Wilson Bridge Milestone Billed as One to Bypass

Backups are expected as the new span of the Wilson Bridge opens this weekend. Crews will align the span with the Beltway's outer loop, left.
Backups are expected as the new span of the Wilson Bridge opens this weekend. Crews will align the span with the Beltway's outer loop, left. (By Gerald Martineau -- The Washington Post)
By Steven Ginsberg
Washington Post Staff Writer
Thursday, June 8, 2006

Some driver will make history this weekend as the first to cross the new Woodrow Wilson Bridge now that one of its two spans is completed, but project managers planning for the opening warn that the honor may not be worth waiting through hours-long traffic jams.

Lane closures and detours needed to switch traffic from the old bridge to the new span could cause backups that could stretch for miles and last one to four hours, depending on how many drivers stay away, project officials said. The restrictions will last from 8 p.m. tomorrow until 5 a.m. Monday so workers can realign the Capital Beltway to feed into the new bridge.

If all goes according to plan, the first vehicle to cross the bridge will pass sometime Saturday afternoon or early evening.

While the work progresses, the outer loop of the Beltway in Virginia will be reduced to a single lane for up to four miles, ensuring backups for at least that stretch. Interstate 95 traffic will be detoured at Springfield, where drivers will be directed to the western half of the Beltway or north on Interstate 395 to minimize the number of cars crossing the bridge.

Additionally, the ramp from Route 1 to the outer loop will close at 8 p.m. tomorrow for the remainder of the weekend. The ramps from the outer loop to Interstate 295 and Route 210 in Maryland will close at 8 p.m. tomorrow and reopen midday Saturday.

Project officials said that if 60 percent of normal weekend traffic avoids the area, delays will last about an hour. But if only 50 percent take another route, delays could last as long as four hours and backups on the Beltway could stretch 14 miles. Officials also expect backups on I-95 south of Springfield because of the detours.

A second weekend of traffic-stopping closures is scheduled for July 14 to 16, when inner loop traffic moves over to the new bridge.

The closures will provide a 57-hour window for highway workers to realign the Beltway with the bridge. Lanes on the Virginia side are banked and will need to be milled down about 30 inches and then repaved. Conversely, on the Maryland side, the lanes to the bridge will need to be built up about 15 inches, project spokesman John Undeland said.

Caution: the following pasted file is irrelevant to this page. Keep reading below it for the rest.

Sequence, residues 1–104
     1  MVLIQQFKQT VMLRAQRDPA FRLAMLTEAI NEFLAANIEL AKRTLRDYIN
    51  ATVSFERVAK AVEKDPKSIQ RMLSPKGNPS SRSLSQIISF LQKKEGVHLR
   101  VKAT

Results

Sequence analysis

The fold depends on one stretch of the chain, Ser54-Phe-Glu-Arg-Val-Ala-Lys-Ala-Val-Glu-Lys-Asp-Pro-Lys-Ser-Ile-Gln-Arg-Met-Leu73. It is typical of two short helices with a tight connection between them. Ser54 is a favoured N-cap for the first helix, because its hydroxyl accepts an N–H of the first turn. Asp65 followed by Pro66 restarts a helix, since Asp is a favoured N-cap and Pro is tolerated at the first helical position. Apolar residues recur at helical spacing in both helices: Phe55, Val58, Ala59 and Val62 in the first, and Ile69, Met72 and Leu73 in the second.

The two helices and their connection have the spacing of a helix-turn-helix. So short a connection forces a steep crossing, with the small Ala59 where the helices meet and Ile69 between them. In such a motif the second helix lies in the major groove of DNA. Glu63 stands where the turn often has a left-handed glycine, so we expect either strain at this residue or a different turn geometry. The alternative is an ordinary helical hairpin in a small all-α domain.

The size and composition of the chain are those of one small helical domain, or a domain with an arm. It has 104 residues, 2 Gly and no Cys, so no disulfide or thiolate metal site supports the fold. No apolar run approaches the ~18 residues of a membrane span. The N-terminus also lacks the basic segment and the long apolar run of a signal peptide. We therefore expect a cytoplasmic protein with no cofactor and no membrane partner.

Similar closures that took place last summer when workers realigned a portion of the Beltway produced mixed results for travelers. Most drivers stayed away the first weekend of closures, heeding dire warnings from bridge officials and preventing major jams, but fewer changed their plans the second go-around, causing sizable delays.

"We need to put the fear of God in people to really avoid the area because it'll be very slow going through," Undeland said, adding that alerts to avoid the bridge have gone out across the East Coast. "We want people to fight the curiosity factor. Come back Monday morning. Don't try to be the first."

The weekend delays are in addition to work on the Maryland shore, where both sides of the Beltway will be closed Saturday night so workers can lift giant steel beams over the highway to build a new interchange at Route 210 that is also part of the bridge project. Drivers will be directed to detours.

Similar work scheduled for Sunday night was canceled this week after a late finish last weekend caused a seven-mile backup during the Monday morning rush. Major work at the nearby Springfield interchange has been called off for the weekend to avoid further jams on the Beltway and I-95.

The span that opens to traffic this weekend is the first of two new six-lane structures that will replace an aging bridge that is crumbling under the strain of carrying nearly 200,000 vehicles a day, considerably more than the 75,000 it was built to handle. Construction of the second span is underway, and it is scheduled to open to traffic in the summer of 2008.

The $2.44 billion bridge project also includes upgrading several interchanges in Virginia and Maryland to increase capacity on the Beltway and to accommodate the additional lanes on the bridge.

Most of those projects will be finished by the time the second of the new spans opens, although improvements to the Route 1 interchange will not be completed until the middle of 2009, and the Telegraph Road interchange will not be finished until late 2011.

© 2006 The Washington Post Company